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Trip Database Blog

Liberating the literature

Month

May 2006

Dianette

I like to analyse what people look at via TRIP. Given the Q&A services we run (ATTRACT and NLH Q&A service) I decided to see what articles users follow via TRIP – so restricted the analysis to just those two services:

– What is the duration of treatment when adding clopidogrel to routine aspirin short-term post CABG and post coronary artery stenting in IHD.
– Are influenza vaccinations effective in older people?
– *What is the length of time a patient can remain on Dianette provided that there are no contraindications?
– What are the recent guidelines/evidence regarding the treatment of prostate cancer?
– What treatments are available for someone with a ruptured Bakers cyst?
– *What is the reason for stopping dianette a few months after skin condition resolve?
– Can the drug amlodipine cause atrial fibrillation?
– What causes a yellow tongue, and what is the best available treatment?
– *What are the risks of using Dianette as an oral contraceptive, over and above the risks associated with a 3rd generation oral contraceptive pill?
– What skin preparation if any is recommended when taking blood or giving an injection?
– *What therapies are available for women with PCOS with hirsutism other than Dianette?
– *What is the recommended length of time a woman should be on Diannette for acne, should any blds be checked, should there be any break in-between treatments?

What immeadiately struck me was that of the top 12 questions 5 related to Dianette. What does that tell us about Dianette?

Top resources

For the first 3 months of 2006 the following are the top ten most popular ‘destinations’:

eMedicine
Clinical Answers
DARE
Guidelines.gov
ATTRACT
NHS EED
Cochrane
HTA
PRODIGY
Bandolier

Improving the search algorithm

The new search algorithm is still performing well and I actually use it as my default search for answering current clinical questions. But, even before this is released, I’m thinking of the next set of improvements, I have two in mind:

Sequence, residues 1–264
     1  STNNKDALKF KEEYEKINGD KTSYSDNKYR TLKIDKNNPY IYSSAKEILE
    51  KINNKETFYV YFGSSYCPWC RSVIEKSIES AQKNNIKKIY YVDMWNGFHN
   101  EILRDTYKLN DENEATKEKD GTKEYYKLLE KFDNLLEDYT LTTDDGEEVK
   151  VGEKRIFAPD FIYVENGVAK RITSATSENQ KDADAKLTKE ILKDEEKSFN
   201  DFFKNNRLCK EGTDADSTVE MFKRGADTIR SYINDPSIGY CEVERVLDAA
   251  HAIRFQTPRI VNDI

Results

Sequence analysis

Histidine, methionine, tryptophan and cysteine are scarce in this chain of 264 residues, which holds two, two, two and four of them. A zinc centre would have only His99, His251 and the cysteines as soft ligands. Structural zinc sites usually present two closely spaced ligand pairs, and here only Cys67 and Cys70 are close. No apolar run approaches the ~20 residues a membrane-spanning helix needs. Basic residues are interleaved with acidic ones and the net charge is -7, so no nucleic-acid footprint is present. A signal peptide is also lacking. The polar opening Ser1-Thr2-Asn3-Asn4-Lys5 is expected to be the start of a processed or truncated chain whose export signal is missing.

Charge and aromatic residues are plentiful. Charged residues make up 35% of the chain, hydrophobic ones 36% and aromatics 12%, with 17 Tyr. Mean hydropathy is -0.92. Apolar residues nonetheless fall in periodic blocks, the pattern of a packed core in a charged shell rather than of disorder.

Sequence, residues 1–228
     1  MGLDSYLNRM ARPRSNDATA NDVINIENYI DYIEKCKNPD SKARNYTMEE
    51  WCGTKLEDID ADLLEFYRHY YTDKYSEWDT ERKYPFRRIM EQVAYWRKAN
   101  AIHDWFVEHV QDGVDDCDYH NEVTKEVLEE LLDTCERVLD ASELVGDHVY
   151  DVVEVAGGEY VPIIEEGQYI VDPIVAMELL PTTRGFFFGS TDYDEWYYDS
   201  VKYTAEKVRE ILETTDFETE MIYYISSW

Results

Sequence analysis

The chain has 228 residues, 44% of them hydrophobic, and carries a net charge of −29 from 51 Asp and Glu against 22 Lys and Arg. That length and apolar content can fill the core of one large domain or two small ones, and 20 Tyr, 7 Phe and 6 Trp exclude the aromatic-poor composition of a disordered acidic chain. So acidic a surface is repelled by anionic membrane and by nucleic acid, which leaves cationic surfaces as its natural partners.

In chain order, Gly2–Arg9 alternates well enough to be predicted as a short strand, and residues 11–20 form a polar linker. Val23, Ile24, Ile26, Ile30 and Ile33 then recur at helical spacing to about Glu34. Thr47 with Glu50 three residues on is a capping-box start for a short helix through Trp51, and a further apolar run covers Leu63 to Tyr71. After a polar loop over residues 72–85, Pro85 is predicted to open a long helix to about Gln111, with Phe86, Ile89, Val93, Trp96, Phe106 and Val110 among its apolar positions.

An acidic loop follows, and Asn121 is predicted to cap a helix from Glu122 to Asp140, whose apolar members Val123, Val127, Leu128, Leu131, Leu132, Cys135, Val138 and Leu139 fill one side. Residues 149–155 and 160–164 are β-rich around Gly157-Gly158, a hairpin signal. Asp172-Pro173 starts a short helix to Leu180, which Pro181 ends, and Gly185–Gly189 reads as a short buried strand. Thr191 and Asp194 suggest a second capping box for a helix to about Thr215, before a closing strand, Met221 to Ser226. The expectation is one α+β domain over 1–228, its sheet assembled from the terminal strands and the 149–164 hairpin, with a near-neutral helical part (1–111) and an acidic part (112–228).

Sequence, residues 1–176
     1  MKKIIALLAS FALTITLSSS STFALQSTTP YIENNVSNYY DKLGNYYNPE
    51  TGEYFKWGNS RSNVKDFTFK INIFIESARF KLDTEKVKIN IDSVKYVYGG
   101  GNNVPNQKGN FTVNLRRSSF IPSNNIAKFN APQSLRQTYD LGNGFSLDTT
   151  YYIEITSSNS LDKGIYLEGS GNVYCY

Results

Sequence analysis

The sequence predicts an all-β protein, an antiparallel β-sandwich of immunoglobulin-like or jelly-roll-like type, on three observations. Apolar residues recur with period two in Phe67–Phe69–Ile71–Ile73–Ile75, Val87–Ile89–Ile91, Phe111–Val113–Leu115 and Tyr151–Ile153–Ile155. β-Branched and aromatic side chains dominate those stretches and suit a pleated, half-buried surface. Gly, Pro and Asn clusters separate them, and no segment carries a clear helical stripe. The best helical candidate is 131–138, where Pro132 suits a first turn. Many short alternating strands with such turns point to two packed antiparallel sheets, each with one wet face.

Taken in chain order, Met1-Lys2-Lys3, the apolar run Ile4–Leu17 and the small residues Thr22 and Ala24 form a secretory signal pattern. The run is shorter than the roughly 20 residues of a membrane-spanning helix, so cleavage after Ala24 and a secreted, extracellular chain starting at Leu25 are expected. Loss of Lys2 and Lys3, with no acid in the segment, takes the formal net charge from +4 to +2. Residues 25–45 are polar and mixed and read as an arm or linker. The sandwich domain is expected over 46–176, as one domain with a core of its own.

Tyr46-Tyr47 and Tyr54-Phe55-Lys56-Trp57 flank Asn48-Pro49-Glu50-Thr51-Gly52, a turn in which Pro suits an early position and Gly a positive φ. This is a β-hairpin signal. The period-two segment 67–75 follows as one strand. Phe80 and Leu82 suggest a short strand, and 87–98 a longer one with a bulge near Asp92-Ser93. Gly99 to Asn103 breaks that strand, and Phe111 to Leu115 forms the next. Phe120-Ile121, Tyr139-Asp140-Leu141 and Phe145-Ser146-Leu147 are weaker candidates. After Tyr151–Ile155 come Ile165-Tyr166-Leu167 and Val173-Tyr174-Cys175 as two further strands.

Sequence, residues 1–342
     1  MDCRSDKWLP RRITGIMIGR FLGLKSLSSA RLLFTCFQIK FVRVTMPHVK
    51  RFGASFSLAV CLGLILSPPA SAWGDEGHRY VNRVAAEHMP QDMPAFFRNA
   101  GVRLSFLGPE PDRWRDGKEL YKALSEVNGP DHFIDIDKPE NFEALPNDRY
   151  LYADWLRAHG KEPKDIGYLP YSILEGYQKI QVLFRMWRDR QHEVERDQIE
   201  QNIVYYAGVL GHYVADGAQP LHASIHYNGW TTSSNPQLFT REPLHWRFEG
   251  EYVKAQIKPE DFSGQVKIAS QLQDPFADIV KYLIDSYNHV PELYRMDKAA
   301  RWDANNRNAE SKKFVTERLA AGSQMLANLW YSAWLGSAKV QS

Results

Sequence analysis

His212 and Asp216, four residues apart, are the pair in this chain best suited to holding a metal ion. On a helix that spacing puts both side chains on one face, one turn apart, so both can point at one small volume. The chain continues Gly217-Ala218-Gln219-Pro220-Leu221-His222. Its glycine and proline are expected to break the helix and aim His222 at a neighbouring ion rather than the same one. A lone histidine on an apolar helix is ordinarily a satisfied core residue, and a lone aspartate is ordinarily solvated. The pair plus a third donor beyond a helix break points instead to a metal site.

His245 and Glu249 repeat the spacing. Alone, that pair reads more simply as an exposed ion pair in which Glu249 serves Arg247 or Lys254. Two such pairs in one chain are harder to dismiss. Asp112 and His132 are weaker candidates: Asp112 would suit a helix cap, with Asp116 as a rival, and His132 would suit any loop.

1) Popularity. Giving papers an additional score based on how often they have been viewed. In effect our users choices will help decide the ranking. Suggested by Dean Giustini.

2) Location. I’ve been toying with this idea for a while and saw a nice blog entry on the subject earlier today. If you’re searching from the Australia you’d probably want to see Australian guidelines before UK or Canadian guidelines. So the general idea is to see where the searcher comes from and give their countries guidelines a scoring boost.

So, the new algorithm will be released (when we go free in September) and then we can try and incorporate the above improvements sometime early 2007.

TRIP and Google Health

I had an interesting chat with Ben from the NHS eLibraries blog. He suggested trying to tie-in with Google, as part of their Google Health ‘initiative’. One option in Google Health is ‘For health professionals’ – TRIP could form the backbone of a new tab ‘Evidence-based medicine’.

Q&A Feedback

We frequently get very positive praise via our Q&A feedback mechanism. Every now and then we get comments which stand out (for one reason or another):

“Very impressed, very useful. I was however, quite alarmed at some of the other questions posted i.e people asking for guidance on issues which you would have hoped as health professionals they would be extremely familiar with, I suppose you could see that as a good thing, as if this service didn’t exist, presumably they would stay uninformed and at least they are asking questions which will improve their practice.”

Test search – results of first formal evaluation

In a trial of 8 ‘proper’ clinical questions we rated which search located results best:

Current live system – 1
New test system – 4
No difference – 3

I think the first round goes to the new test system.

ClinicalQuestions Collection

Not 100% sure why the authors chose to ignore convention and remove the space between ‘clinical’ and ‘questions’. I’m sure it seemed a good idea at the time!

However, that doesn’t detract from the site (http://clinques.nlm.nih.gov/JitSearch.html) which is a collection on 4,500+ clinical questions. No answers, just the questions. Not sure why I like it so much. It’ll be useful in testing the new search algorithm!

When testing a search appliance it seems sensible to try ‘real’ searches. We’ve received a question about SLE (Systemic Lupus Erythematosus) and statins – should all patients with SLE receive statins.

I entered the search ‘sle AND statins’ and the first result was what I was looking for. On the current ‘live’ system the same search would return one result. However, the user would be required to click on the ‘Clinical Questions’ link. It’s only one click but the new search is showing great promise..

Test search

At last, the final installments of the potential new TRIP algorithm have been delivered! We’ve got 35 volunteers testing it alongside a number of staff…

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